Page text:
I'm using a SN74LVC245A (datasheet) to shift 5V TTL down to 3.3V so I can read the signals with a Raspberry Pi.
However I am getting really weird results (a 60Hz input signal is picked up by the Pi at anything between 110Hz and 320Hz) and I'm really confused about how to read the datasheet to figure out whether I need pullup or pulldown resistors.
The datasheet says on page 4 the "high-level output current" is -24mA, and the "low-level output current" is 24mA. So to me this means that when the device is outputting a high signal, it is able to sink 24mA of current (since outputting a negative amount of current suggests the current is going into the device instead.) But then if you're outputting a positive voltage, isn't that sourcing current? Why is the figure listed as a negative value?
Is anyone able to explain what these figures actually mean? When I disconnect the 74LVC245 output from my GPIO pin, I still get weird signals from the floating input pin so I am assuming this means the 74LVC245 output is also floating in one state, but I don't know in which state it is (i.e. is it left floating on a high output signal or a low one?) It doesn't really make sense to be floating on a high output signal since it's a level converter and the whole point is to maintain the correct 'high' voltage, so do I need pulldown resistors to handle the low output? If so, why does the datasheet seem to suggest the chip can both source and sink current? (In my mind, source current means the device can output a current with a positive voltage, while sinking current means the device takes in anything and connects it to GND, so perhaps that is where I am going wrong.)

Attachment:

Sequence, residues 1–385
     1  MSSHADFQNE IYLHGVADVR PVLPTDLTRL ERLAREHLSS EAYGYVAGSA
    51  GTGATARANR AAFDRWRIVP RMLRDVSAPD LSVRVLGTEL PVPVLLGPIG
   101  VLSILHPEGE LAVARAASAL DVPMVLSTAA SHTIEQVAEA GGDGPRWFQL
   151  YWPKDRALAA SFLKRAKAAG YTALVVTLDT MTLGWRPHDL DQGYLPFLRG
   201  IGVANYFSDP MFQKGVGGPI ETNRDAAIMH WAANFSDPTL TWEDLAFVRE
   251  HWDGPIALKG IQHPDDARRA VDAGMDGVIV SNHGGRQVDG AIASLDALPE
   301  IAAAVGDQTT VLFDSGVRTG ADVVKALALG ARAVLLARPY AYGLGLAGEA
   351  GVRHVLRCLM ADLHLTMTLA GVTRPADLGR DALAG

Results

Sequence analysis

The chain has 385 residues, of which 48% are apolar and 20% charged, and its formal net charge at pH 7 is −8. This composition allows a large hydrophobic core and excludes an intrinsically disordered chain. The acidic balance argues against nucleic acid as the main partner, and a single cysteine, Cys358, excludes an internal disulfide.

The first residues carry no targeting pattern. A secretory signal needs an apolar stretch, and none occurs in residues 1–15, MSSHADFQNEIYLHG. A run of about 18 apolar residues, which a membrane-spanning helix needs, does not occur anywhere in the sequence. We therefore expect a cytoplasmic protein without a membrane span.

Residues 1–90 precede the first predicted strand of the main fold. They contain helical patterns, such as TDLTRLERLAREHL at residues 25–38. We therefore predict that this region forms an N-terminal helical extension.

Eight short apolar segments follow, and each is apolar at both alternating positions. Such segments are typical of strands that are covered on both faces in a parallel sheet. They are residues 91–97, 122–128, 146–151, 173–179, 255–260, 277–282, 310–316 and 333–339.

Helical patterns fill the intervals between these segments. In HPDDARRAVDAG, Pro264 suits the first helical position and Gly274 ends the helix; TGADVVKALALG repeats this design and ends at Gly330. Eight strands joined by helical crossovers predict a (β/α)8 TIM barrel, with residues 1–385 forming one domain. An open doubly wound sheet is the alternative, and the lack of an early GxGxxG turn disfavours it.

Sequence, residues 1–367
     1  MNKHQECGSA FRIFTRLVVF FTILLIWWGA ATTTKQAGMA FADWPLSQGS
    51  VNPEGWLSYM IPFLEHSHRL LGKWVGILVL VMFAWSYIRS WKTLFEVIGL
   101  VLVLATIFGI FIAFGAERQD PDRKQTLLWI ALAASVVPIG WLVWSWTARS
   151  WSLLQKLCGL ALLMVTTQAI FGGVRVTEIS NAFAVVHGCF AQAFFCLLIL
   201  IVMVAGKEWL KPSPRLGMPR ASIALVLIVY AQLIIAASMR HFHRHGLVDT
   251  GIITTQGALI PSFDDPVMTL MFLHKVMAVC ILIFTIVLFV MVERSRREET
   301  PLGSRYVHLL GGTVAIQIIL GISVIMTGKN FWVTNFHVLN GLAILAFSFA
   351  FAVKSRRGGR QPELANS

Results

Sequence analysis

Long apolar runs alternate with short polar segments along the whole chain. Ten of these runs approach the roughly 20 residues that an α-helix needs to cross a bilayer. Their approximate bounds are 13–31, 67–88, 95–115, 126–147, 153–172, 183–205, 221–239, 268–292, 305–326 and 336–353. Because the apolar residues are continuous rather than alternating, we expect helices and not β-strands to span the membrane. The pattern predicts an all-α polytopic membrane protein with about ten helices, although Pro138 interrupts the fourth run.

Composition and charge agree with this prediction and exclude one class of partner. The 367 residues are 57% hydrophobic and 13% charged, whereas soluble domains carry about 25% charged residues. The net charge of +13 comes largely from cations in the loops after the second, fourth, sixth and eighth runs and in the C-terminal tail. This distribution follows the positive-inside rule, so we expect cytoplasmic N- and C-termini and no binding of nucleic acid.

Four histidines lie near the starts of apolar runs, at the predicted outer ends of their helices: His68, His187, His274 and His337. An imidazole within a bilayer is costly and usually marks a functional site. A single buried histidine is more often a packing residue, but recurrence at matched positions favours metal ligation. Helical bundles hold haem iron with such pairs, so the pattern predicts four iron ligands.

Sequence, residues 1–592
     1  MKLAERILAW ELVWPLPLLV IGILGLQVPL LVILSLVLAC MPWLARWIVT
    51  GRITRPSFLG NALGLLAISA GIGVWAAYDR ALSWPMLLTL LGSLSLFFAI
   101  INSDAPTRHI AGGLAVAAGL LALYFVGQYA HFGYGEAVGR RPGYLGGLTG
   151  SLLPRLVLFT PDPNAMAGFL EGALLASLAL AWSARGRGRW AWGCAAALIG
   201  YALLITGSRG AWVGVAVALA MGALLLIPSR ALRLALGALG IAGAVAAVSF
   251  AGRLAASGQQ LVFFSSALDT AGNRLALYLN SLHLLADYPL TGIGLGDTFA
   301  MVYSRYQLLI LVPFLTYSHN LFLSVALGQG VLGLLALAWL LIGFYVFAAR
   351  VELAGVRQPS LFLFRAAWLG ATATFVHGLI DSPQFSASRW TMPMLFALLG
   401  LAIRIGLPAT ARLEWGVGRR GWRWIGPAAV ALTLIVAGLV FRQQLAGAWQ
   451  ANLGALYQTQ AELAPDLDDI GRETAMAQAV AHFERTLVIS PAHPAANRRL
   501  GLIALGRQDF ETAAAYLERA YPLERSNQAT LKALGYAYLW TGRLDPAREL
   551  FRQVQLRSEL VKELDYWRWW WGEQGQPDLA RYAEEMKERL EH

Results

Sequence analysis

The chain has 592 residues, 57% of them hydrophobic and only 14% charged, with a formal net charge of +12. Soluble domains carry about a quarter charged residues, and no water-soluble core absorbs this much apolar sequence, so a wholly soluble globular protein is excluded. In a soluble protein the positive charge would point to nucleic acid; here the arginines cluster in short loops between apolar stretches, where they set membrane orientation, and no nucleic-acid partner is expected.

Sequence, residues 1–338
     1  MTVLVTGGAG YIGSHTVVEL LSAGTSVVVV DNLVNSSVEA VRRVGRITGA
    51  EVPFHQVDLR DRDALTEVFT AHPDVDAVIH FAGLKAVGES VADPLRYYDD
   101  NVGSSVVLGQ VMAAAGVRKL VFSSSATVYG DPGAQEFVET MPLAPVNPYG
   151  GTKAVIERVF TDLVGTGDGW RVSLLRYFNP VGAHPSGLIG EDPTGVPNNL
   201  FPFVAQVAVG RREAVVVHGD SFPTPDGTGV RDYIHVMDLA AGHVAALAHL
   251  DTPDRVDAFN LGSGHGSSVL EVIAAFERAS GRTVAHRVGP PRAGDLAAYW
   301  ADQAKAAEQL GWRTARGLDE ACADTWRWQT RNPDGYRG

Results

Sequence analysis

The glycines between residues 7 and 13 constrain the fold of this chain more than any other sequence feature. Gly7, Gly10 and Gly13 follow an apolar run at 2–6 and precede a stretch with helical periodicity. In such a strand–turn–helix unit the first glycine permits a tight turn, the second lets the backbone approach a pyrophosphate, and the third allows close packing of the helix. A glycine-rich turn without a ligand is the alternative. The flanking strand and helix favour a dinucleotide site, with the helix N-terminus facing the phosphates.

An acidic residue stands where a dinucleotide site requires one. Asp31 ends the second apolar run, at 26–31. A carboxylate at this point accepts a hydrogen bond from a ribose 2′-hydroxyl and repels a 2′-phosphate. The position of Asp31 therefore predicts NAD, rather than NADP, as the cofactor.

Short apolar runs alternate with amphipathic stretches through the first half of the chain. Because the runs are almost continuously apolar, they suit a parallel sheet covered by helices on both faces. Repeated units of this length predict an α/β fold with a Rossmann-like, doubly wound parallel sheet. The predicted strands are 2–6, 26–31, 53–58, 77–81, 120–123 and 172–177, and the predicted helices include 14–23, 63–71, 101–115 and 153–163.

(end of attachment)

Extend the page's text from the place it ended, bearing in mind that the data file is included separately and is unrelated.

Anyway I'm quite confused so any clarification would be much appreciated!